One third of Arizona’s seven million residents are Hispanic. The National Association of Latino Elected and Appointed Officials (NALEO) estimates that 640,000 Hispanic voters in Arizona will cast their ballots in this midterm election. That represents a growth of 400 percent in the Arizona Latino vote since 2002.
But despite the hopes of many progressive Latino organizers who got their start opposing SB1070, some of those new Latino voters are independents. Arizona has historically leaned conservative and Republican. Among the state’s non-Hispanic voters, 39% are registered Republicans, and only 28% per cent are registered Democrats. By contrast, 45% of registered Hispanic voters are Democrats and just 15% are Republicans. But 40%, two out of five Latinos registered to vote in Arizona, identify as independent, a statistic that gives Republicans hope.
“People are going to vote Republican, they are going to vote based on the results of how the country is doing, and the reality of the country is going very badly,” said Félix García, a Republican political consultant in Arizona.
Garcia, 41, was born in Hermosillo, Mexico and came to Arizona at a young age as a youth pastor. He believes that in this election the top priority for Latinos is the economy, not immigration. “I think Latinos will be more focused on job opportunities, because if you have security, your family is happy. Jobs have security,” he said.
The choice may not be that simple. But there is growing awareness that the long-held idea of a homogenous Latino voting bloc, even within Arizona, is outdated. Some Latinos speak Spanish and many more don’t; some just got to the U.S., have dual citizenship or have been living in the U.S. for generations. Some are religious, while others are not.
“I think this is a very Anglo concept. It’s sometimes difficult for [non-Hispanic] Americans to comprehend that Latinos are very different from each other,” said Pedro De Velasco, the director of education and advocacy with the Kino Border Initiative, an organization in Tucson that aids newly arrived migrants.
He notes that Latino voters can feel torn when they look at the positions of some conservative Republican candidates who appeal to their religious values. “Very often we find candidates who present themselves as pro-life because they defend the right of the baby in the womb to be born. However, when we read their approach to immigration, we see that it is restrictive, that is inhumane, that they speak of criminals and invaders and not of human beings,” he said.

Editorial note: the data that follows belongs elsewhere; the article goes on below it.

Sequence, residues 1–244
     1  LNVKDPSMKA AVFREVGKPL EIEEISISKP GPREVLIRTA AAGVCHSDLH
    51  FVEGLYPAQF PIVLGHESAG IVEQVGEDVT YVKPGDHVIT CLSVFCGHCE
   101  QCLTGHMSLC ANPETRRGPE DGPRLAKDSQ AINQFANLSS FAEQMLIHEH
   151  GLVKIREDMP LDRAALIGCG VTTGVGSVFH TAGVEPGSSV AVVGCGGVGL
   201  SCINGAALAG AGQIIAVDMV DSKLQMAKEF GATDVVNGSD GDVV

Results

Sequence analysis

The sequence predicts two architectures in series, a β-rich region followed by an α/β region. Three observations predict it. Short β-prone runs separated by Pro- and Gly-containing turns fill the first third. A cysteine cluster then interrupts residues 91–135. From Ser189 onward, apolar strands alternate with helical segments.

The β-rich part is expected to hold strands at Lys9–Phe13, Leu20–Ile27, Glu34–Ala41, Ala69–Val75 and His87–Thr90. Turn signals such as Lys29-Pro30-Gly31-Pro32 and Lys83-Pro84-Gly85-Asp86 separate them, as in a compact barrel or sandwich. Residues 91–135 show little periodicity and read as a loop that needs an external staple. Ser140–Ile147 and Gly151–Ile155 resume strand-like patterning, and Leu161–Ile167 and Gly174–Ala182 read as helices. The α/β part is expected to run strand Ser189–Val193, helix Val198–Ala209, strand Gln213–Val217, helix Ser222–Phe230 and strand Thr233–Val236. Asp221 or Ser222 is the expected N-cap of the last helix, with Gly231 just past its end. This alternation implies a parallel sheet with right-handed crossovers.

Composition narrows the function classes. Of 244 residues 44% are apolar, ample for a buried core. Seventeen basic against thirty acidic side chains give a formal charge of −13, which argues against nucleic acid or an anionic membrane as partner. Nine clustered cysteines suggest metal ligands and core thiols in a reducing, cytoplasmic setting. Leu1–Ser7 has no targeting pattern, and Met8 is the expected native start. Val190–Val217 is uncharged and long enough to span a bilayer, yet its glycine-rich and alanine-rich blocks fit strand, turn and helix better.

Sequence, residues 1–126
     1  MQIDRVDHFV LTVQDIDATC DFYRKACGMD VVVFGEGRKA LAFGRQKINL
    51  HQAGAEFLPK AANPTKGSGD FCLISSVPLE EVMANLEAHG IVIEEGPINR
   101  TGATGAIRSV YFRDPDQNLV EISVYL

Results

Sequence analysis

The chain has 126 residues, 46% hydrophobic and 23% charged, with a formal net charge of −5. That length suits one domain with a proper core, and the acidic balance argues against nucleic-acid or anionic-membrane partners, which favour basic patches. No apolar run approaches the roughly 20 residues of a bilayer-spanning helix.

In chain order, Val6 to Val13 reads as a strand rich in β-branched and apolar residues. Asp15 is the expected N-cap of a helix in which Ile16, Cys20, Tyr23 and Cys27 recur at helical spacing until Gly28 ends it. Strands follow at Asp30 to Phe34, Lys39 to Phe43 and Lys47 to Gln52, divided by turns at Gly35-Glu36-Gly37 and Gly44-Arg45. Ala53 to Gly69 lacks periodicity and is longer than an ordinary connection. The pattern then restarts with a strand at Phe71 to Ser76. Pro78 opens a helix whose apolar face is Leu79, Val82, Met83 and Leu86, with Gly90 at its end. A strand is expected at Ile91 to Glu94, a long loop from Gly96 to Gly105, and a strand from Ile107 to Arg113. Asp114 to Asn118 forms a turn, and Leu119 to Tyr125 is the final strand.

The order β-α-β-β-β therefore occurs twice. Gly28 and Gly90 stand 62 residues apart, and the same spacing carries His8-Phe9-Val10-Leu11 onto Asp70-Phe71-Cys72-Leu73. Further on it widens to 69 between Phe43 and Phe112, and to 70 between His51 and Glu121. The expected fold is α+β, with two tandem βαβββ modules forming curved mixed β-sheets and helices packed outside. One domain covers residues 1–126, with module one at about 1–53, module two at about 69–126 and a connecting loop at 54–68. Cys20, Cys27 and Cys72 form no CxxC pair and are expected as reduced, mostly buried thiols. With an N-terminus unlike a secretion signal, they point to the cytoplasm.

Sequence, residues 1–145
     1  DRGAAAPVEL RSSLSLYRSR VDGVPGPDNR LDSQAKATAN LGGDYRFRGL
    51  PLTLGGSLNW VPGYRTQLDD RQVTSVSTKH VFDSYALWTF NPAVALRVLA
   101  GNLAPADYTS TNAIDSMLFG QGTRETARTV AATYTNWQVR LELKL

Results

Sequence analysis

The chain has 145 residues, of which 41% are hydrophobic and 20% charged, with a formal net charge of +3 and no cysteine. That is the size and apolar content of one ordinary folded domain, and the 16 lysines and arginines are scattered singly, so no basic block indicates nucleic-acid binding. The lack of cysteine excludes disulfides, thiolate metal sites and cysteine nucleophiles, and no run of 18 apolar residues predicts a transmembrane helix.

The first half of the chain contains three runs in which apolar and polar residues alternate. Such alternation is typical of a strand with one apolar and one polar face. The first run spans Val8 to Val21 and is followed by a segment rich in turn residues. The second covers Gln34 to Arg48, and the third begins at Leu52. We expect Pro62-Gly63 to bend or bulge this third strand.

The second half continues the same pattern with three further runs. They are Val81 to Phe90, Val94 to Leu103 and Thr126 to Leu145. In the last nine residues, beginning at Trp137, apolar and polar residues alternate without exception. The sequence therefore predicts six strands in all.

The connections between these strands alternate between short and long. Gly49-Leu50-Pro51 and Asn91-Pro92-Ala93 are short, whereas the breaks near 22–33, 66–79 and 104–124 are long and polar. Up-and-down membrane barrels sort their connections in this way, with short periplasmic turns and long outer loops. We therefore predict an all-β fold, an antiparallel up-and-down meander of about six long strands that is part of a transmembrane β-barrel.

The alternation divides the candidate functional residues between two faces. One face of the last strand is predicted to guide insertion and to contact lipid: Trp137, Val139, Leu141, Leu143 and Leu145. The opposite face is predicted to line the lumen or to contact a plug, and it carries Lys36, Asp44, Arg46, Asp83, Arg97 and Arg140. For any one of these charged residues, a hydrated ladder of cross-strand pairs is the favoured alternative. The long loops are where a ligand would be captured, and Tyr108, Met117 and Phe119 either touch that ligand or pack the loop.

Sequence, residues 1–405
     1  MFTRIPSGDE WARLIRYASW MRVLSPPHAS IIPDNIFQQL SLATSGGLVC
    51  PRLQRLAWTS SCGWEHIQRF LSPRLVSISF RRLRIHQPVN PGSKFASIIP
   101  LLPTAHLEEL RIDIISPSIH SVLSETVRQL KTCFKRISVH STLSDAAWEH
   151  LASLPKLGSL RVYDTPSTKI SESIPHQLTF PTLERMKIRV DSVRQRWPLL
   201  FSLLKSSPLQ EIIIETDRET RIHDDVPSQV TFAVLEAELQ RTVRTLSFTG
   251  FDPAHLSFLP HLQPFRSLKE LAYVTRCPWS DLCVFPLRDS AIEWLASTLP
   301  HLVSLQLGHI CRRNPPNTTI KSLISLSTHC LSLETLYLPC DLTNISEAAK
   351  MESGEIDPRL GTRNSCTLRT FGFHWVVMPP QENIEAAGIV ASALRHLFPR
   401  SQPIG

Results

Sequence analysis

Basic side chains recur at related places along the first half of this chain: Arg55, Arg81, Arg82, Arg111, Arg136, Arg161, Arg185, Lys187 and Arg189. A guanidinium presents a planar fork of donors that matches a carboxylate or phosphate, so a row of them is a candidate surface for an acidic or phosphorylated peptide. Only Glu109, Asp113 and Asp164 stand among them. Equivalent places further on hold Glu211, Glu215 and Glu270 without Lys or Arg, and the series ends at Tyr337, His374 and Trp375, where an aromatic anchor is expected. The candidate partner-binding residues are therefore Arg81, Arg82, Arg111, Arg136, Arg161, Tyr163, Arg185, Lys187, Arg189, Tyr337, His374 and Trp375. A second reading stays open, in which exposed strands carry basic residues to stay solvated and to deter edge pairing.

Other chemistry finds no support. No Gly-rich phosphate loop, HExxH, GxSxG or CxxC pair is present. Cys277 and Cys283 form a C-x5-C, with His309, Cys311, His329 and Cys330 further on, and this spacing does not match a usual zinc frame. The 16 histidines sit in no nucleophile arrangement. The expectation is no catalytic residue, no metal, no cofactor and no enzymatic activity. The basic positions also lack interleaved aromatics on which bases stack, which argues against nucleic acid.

Latino voters helped Joe Biden win Arizona in 2020. They were instrumental in the recall of State Senator Russell Pearce, who was replaced by a more moderate Republican, as well as the political demise of Maricopa County Sheriff Joe Arpaio, who became the national face of Arizona’s anti-immigrant laws. Petra Falcón, a fourth generation Arizonan, was part of these efforts. She is the director of Promise Arizona, an organization that promotes Latino voter registration and civic engagement.
“Immigrants are going to play a pivotal role, especially in Arizona.” Falcón says. “There are 63,000 new voters who are going to have a big, big role in what happens in our state.”
For Karina Ruiz, the change represented by the growing Hispanic vote is reflected in her own family. The eight-year-old boy who accompanied her to marches to protest SB 1070, is now 20 and can vote. And so Ruiz, who can’t vote because she is not a U.S. citizen, remains hopeful about the future.
“He is the son of immigrants,” she says about her son. “His girlfriend also tells me that he has already voted because she knows our situation. They vote for their mother and grandmother, they vote for those of us who cannot vote… that is the true Latino vote, a young vote, an informed vote, a conscious vote, a vote that has already had a long life… and we are going to see a change for that reason,” Ruiz said.
This story was produced in partnership with palabra.
Feet in 2 Worlds is supported by the John D. and Catherine T. MacArthur Foundation, The Ford Foundation, the David and Katherine Moore Family Foundation, the Ralph E. Ogden Foundation, an anonymous donor and readers like you.